Why should I switch to Python?

Aahz Maruch aahz at netcom.com
Sun Apr 2 19:18:24 CEST 2000


In article <secfidq8921 at corp.supernews.com>,
Aaron Turner  <aturner_ at _pobox.com> wrote:
>
>Honestly the more I reasearch, the more it seems that it's purely 
>a matter of taste.  If you like Perl, there's nothing inherient about
>Python that makes it better.   Sorry if this just sounds like a troll, but
>I'm really trying to get a feel about something I know nothing about 
>from personal experiance.
>
>Basically if you know both languages, and were planning a mid-sized 
>project, why would you choose Python?  It's hard to take my friend
>seriously in his evaluation when he says he'd rather do this project
>in C++  than in Perl (especially when he doesn't know Perl).

As a person who has now used Perl and Python for roughly equal amounts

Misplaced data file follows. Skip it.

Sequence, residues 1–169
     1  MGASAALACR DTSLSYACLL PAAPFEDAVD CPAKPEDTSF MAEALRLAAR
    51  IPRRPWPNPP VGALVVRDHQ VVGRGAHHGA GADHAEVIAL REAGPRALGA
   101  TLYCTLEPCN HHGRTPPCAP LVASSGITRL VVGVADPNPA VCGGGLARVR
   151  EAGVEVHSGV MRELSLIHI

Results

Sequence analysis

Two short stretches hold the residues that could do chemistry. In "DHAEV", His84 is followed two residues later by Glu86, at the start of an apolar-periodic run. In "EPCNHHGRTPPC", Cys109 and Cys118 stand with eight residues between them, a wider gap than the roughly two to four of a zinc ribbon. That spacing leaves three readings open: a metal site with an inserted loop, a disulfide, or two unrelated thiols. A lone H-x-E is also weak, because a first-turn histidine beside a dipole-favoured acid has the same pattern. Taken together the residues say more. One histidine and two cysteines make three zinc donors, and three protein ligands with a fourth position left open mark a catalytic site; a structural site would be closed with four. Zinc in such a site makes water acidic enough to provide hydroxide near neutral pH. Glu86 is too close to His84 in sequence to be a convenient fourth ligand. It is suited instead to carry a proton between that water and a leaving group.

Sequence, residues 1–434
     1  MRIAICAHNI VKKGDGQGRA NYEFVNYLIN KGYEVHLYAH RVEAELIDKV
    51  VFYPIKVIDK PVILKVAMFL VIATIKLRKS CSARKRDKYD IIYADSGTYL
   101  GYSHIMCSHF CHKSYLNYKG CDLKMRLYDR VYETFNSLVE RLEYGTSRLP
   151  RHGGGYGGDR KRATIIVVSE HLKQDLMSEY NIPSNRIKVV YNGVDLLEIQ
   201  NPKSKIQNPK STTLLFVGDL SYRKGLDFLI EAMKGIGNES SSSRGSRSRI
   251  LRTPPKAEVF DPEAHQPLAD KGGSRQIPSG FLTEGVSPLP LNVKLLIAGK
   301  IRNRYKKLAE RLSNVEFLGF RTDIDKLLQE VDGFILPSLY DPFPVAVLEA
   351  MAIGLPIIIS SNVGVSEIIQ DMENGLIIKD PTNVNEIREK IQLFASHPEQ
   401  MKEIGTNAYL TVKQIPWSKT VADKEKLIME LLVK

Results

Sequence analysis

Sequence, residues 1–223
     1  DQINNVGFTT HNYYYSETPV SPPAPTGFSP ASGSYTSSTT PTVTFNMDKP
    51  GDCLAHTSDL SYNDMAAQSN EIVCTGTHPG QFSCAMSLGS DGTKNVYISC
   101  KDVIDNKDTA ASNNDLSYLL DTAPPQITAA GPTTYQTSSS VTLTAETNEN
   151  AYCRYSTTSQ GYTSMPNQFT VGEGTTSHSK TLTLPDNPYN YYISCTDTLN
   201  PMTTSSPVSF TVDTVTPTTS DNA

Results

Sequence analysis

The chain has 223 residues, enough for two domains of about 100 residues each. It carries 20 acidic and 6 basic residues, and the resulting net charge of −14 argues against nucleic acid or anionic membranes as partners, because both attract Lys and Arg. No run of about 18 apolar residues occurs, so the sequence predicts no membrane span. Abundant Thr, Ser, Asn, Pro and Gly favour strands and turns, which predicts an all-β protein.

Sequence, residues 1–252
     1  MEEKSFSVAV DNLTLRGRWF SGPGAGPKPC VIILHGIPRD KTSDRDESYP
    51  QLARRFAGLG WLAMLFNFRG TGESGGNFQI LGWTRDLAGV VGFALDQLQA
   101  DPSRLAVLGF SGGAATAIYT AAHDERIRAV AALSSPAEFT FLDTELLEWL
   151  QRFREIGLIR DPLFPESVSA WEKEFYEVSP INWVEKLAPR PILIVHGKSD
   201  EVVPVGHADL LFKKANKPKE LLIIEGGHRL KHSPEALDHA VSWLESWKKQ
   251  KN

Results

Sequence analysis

of time (more than a year), I think the most important distinction is
the way that Perl's TMTOWTDI destroys multi-person projects.  Not just
at the pretty-printing level, but all the way up to module layout and
general code design.

Perl is the result of attempting to make code "readable" by combining
the syntax and semantics of popular Unix utilities.  Python is the
result of attempting to make code readable by designing a language based
on real programming usability studies.  If you're already a Unix shell
hacker, Perl is likely to make you more immediately productive, but it
simply doesn't scale.  In all other cases, I think Python wins.
--
                      --- Aahz (Copyright 2000 by aahz at netcom.com)

Androgynous poly kinky vanilla queer het    <*>     http://www.rahul.net/aahz/
Hugs and backrubs -- I break Rule 6

"It's 106 miles to Chicago.  We have a full tank of gas, a half-pack of
cigarettes, it's dark, and we're wearing sunglasses."  "Hit it."



More information about the Python-list mailing list